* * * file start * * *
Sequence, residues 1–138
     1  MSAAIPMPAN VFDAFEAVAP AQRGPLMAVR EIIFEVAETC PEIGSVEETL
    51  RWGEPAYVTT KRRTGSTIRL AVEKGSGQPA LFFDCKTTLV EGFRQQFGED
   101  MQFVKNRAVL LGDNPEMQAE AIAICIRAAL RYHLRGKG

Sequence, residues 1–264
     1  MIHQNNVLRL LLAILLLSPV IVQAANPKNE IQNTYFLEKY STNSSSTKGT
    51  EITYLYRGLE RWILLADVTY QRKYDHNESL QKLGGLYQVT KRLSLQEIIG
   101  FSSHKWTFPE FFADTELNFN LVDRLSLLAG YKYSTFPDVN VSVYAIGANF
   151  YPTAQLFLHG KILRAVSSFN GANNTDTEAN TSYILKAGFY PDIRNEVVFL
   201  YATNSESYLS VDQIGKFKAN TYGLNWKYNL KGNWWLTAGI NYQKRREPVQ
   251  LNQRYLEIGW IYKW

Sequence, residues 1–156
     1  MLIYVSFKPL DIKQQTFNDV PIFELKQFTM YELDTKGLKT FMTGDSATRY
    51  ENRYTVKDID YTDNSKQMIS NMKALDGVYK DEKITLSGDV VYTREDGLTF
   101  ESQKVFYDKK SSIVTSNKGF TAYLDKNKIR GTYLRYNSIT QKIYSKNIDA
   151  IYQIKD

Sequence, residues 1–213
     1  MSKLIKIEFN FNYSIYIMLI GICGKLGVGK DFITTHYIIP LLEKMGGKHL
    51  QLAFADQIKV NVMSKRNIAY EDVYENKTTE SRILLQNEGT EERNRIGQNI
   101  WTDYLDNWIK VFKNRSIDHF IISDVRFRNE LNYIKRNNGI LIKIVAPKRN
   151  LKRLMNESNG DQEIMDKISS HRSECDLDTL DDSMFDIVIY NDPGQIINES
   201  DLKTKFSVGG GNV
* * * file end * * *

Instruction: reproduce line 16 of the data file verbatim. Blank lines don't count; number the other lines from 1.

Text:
   151  IYQIKD